BIG EDEN

Counterfeit Christianity

Content -4
Quality
None Light Moderate Heavy
Language        
Violence        
Sex        
Nudity        

Release Date: June 01, 2001

Starring: Arye Gross, Eric Schweig, Tim DeKay, George Coe, Louise Fletcher, Nan Martin, & O’Neal Compton

Genre: Romantic Comedy

Audience: Teenagers & adults

Rating: PG-13

Runtime: 118 minutes

Distributor: Jour de Fête Films

Director: Thomas Bezucha

Executive Producer:

Producer: Jennifer Chaiken

Writer: Thomas Bezucha

Address Comments To:

No address available.

Content:

(HoHoHo, FRFRFR, C, L, S, N, A, D, M) Strong homosexual worldview that also preaches a liberal, heretical, Antinomian view of Christianity with a couple scenes set inside a Christian church, preacher mentions God’s “message of love” & people pray before Thanksgiving meal; 3 obscenities & 5 profanities; no violence; man with homosexual attitude kisses two men during the progress of the story; naturalistic nudity during swimming scene; alcohol use; no smoking; and, miscellaneous immorality such as antinomianism, someone says, “Good luck,” to man who’s trying to convince another man into loving him & gossip.

Summary:

BIG EDEN tells what happens when the residents of a bucolic town in Montana help a prodigal son find homosexual happiness with the local owner of the general store. BIG EDEN not only sets out to praise the ultimate joys and normalcy of homosexuality, it also tries to give a heretical, liberal Christian sanction to such unbiblical immorality.

Review:

A “date movie” for homosexual couples, BIG EDEN tells what happens when a painter named Henry, who considers himself homosexual, returns to his bucolic roots in Montana after his grandfather, Sam, suffers a stroke. When everyone in the fictional town of Big Eden figures out that Henry likes guys, they secretly try to set him up with Pike, the lonely American Indian who runs the local general store. Henry, however, still has a thing for the high school football star, Dean, who’s divorced and back in town with his two sons. Although Dean obviously lusts for Henry, he can’t quite bring himself to take the final leap into perversion.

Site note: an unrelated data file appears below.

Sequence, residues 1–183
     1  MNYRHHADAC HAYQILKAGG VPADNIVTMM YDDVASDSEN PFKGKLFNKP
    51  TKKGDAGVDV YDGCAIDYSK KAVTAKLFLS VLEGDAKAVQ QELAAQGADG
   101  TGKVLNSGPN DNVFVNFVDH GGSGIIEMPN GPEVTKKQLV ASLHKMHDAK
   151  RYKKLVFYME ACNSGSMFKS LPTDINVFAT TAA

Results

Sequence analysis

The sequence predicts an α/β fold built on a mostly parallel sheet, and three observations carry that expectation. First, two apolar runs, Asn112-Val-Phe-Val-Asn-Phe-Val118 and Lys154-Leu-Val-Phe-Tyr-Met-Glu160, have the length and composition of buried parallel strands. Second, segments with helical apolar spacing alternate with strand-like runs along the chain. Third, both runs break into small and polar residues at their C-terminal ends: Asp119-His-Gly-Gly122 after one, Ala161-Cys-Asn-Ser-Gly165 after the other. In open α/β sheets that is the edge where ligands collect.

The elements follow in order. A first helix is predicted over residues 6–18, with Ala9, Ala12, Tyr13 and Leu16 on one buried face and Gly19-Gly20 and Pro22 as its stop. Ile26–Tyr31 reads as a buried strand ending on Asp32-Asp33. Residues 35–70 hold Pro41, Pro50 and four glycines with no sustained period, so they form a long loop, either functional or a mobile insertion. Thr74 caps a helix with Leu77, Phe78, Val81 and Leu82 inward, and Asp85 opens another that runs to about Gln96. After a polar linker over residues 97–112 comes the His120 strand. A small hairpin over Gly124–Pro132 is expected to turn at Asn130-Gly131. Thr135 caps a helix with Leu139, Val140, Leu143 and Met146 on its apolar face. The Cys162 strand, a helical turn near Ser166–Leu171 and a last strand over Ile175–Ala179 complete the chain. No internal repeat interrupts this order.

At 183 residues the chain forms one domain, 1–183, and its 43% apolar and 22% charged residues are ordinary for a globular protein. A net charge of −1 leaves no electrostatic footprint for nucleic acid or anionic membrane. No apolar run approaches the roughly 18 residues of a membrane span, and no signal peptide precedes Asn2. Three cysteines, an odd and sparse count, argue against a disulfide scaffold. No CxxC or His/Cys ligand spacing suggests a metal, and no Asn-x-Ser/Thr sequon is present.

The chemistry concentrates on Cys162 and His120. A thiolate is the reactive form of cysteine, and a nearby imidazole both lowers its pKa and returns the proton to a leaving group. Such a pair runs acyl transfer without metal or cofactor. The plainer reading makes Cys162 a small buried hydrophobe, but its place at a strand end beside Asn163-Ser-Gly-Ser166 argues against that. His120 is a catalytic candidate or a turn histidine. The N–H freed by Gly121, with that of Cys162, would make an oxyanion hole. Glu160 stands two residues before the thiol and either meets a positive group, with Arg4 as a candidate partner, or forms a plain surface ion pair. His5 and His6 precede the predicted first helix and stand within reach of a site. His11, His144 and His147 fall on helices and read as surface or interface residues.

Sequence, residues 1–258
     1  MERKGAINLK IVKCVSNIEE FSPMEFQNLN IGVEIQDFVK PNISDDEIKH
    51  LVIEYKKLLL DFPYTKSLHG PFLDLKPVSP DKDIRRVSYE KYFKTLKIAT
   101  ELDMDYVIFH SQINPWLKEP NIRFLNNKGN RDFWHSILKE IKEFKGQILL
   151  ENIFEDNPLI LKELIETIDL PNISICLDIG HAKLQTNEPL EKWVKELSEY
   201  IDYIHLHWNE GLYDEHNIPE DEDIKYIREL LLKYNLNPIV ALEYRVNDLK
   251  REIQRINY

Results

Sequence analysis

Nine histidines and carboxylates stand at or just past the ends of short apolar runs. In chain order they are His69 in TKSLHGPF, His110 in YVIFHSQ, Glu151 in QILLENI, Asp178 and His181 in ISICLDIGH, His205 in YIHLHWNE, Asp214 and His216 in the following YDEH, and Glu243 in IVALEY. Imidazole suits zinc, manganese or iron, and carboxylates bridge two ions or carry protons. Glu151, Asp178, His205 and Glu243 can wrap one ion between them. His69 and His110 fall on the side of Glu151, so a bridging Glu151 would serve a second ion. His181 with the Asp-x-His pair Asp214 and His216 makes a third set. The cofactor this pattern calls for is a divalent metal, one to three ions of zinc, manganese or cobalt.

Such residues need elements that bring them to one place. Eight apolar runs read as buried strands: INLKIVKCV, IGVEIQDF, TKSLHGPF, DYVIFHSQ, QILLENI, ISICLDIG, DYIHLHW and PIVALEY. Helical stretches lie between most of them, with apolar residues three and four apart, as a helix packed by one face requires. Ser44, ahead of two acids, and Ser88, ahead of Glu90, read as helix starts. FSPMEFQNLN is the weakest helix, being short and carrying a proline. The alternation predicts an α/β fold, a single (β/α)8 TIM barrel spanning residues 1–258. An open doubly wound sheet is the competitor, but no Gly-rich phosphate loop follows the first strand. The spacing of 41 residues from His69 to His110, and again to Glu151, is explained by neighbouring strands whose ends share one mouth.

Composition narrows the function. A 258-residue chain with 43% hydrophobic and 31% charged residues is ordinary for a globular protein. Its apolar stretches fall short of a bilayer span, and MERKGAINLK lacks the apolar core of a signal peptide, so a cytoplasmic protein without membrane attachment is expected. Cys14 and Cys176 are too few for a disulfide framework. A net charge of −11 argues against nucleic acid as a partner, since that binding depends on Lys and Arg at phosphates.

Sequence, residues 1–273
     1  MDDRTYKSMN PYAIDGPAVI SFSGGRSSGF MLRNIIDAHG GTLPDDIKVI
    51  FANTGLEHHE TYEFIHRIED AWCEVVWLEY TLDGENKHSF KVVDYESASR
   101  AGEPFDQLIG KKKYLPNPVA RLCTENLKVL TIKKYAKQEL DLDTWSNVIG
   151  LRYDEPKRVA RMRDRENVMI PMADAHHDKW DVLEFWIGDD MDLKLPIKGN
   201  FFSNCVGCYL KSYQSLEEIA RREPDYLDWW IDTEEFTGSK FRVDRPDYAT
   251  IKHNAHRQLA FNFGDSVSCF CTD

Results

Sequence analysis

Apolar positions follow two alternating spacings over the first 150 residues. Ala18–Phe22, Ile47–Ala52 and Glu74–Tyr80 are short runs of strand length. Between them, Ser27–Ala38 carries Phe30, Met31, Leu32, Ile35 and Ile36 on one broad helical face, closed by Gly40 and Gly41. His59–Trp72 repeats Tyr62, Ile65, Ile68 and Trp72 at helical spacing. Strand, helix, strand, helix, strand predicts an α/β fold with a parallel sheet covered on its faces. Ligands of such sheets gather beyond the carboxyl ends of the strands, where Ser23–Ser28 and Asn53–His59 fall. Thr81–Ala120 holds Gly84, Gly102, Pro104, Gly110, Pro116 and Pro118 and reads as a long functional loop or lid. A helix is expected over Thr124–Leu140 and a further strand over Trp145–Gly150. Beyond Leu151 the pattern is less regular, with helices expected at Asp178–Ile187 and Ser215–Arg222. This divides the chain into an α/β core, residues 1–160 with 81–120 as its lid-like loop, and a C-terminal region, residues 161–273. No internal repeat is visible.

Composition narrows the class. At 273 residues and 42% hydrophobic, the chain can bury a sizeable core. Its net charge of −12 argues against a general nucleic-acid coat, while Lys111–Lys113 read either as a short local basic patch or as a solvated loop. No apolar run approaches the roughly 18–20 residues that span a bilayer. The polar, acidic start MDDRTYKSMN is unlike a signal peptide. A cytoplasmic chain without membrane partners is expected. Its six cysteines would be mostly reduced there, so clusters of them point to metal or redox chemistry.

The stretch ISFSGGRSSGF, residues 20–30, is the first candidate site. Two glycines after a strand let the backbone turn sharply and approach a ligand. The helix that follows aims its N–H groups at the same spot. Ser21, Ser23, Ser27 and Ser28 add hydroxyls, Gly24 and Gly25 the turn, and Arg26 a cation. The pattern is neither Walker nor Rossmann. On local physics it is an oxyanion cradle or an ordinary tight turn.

It’s bad enough that BIG EDEN sets out (in a far more tasteful way than most pro-homosexual movies, by the way) to praise the ultimate joys and normalcy of homosexuality. The movie, however, also brings Christianity into the mix. Thus, virtually all the townspeople viewers meet in this movie are seen attending church a couple times, but everyone is completely supportive of Henry and Pike’s homosexual leanings. This is, of course, the Counterfeit Christianity of liberal antinomianism, or lawlessness, which makes a mockery of the power, love and truth of God’s Holy Word.

In Brief:

BIG EDEN tells what happens when a painter named Henry, who considers himself homosexual, returns to his bucolic roots in Montana after his grandfather suffers a stroke. When everyone in the fictional town of Big Eden figures out that Henry likes guys, they secretly try to set him up with Pike, the lonely American Indian who runs the local general store. Henry, however, still has a thing for the high school football star, Dean, who’s divorced and back in town with his two sons. Although Dean obviously lusts for Henry, he can’t quite bring himself to take the final plunge into perversion.

It’s bad enough that BIG EDEN sets out (in a far more tasteful way than most pro-homosexual movies, by the way) to praise the ultimate joys of homosexuality. The movie, however, also brings Christianity into the mix. Thus, virtually all the townspeople viewers meet in this movie are seen attending church a couple times, but everyone is completely supportive of Henry and Pike’s homosexual leanings. This is, of course, the Counterfeit Christianity of liberal antinomianism, or lawlessness, which makes a mockery of the power and truth of God’s Holy Word.